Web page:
Summer Travel Is Back In A Big Way
A curated collection of can’t-miss news from this week, including 2021 summer travel trends and more. Sign up to get the TURNER Weekly Download in your inbox.
Summer Travel Is Back
After a devastatingly slow season last year, Americans are ready to travel again this summer. According to a new Harris Poll survey, more than three-quarters of Americans (77 percent) plan to take a trip this summer. With vaccines becoming more available, that number is rising daily. “The strong number represents a stark one-year turnaround,” writes Hotel Business. “[A] similar Harris Poll conducted in June 2020 found that just 29% of Americans planned summer leisure travel amid the grip of the COVID pandemic.”
Still Masking Up
You’ve seen that the CDC has lifted mask mandates for the summer travel season. But things are not quite back to pre-pandemic normalcy. For one thing, masks are still required for fully vaccinated passengers on planes. “It’s basically to protect people who are either unvaccinated or vaccinated but for some reason they didn’t get an adequate immune response to the vaccine — for example, somebody who’s immunocompromised,” explains CBS News chief medical correspondent Dr. Jon LaPook. “In that scenario, if you’re inside of a plane and people aren’t wearing masks, if somebody doesn’t wear a mask and they’re infected, they pose a danger to other people.”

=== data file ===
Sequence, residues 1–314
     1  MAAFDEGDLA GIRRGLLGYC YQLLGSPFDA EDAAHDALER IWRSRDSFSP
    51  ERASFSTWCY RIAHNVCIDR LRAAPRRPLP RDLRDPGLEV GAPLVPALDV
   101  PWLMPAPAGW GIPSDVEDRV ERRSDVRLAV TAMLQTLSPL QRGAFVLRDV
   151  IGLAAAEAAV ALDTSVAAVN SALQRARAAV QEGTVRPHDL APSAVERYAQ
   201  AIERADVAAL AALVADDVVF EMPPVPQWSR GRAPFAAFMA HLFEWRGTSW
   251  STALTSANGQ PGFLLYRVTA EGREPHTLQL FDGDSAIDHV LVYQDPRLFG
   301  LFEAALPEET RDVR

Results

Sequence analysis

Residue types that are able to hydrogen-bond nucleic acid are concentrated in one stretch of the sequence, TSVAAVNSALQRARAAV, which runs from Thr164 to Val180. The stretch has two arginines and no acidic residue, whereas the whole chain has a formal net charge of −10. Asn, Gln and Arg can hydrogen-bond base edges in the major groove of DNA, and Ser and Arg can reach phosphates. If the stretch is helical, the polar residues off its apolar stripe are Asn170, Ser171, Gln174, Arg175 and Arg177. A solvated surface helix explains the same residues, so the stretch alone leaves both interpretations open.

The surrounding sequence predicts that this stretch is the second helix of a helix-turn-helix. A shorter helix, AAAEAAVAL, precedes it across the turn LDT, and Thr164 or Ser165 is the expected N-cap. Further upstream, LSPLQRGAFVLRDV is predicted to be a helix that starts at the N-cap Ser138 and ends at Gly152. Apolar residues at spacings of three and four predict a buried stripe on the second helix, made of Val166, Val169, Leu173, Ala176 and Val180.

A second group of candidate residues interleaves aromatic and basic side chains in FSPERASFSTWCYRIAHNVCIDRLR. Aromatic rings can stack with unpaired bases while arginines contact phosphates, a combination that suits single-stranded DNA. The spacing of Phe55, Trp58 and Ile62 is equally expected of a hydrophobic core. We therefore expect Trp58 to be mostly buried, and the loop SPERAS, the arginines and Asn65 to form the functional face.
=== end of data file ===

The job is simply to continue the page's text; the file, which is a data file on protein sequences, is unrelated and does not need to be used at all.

Some things are going back to normal. Some things are not. TravelPulse takes a look at the 10 trends that will define the 2021 summer travel season. One trend that remains in place from last year is the road trip. “With varied rules for travel by air and different testing protocols for leaving the country and returning again, many will take the easy route and go by car, especially families who have children that aren’t yet vaccinated.”
If the last year has taught us anything, it’s that travelers have to be prepared for the unexpected. “Quandaries are prompting travelers to make adjustments, from being over-packed with snacks to paying bribes, and to dive deep into the dual reservoirs of patience and flexibility,” writes the New York Times’ Julie Besonen.“Travel agents, hotels and other industry operators, building on what worked last year and recalling what failed, have also become wiser to coronavirus-induced obstacles and opportunities, prioritizing outdoor activities, coping with reduced capacity and promoting alternative, less congested retreats.”